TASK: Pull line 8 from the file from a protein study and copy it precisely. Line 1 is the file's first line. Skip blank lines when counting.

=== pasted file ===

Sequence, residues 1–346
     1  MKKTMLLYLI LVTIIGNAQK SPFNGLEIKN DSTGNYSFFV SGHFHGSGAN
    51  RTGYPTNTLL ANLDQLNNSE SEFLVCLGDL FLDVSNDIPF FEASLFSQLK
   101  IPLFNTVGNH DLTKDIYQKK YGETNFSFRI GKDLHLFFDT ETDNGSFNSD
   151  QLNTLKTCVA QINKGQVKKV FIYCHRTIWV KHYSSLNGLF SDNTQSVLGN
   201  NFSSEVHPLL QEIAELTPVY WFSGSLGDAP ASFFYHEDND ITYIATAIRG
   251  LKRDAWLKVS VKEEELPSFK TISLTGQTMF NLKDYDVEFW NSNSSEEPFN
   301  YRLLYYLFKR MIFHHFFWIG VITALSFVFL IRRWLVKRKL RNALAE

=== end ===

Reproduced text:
   301  YRLLYYLFKR MIFHHFFWIG VITALSFVFL IRRWLVKRKL RNALAE